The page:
The Federal Trade Commission (FTC) and seven state attorneys general have charged a payment processor with debiting consumers bank accounts on behalf of numerous fraudulent telemarketers and Internet-based merchants.
The FTC and the attorneys general of Illinois, Iowa, Nevada, North Carolina, North Dakota, Ohio, and Vermont have charged the defendants with offering payment processing services to a variety of merchants, many of which were engaged in deceptive telemarketing or Internet-based schemes.
These schemes were designed to extract money from consumer bank accounts by inducing consumers -- through misrepresentations and omissions in connection with the marketing of products or services -- to provide the merchant with the consumers personal bank account information, the FTC says. The merchants then transmitted the bank account information to the defendants, who processed debits to the consumers bank accounts.
Between June 23, 2004 and March 31, 2006, the defendants processed more than $200 million in debits and attempted debits to consumers bank accounts, the complaint alleges. More than $69 million of the attempted debits were returned or rejected by consumers or their banks for various reasons, indicating the lack of consumer authorization. In many instances, after the defendants debited accounts, the merchants failed to deliver the promised products or services, or sent consumers relatively worthless items.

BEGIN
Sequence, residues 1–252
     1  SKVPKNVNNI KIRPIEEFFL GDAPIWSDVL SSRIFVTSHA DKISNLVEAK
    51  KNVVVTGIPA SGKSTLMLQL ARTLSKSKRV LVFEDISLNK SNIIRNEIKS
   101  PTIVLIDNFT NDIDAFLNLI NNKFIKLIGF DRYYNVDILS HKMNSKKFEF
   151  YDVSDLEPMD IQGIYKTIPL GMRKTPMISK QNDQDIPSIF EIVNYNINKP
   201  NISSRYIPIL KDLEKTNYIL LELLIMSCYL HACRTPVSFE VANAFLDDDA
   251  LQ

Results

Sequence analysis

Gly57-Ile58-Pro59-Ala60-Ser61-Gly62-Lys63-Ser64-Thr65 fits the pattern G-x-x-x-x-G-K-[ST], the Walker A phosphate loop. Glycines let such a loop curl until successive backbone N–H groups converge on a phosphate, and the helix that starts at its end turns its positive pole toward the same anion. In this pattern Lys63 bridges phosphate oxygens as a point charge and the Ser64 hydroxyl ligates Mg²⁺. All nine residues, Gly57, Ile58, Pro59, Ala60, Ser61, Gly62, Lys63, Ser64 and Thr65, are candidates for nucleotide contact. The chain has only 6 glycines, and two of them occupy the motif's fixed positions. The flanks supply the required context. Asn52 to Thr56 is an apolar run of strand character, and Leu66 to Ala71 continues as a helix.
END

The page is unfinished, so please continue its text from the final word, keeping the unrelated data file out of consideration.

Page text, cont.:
If a court finds the payment processor, known as YMA, guilty, then its members will be required to give up their ill-gotten gains and pay money back to the affected consumers.
Tim Wilson, Site Editor, Dark Reading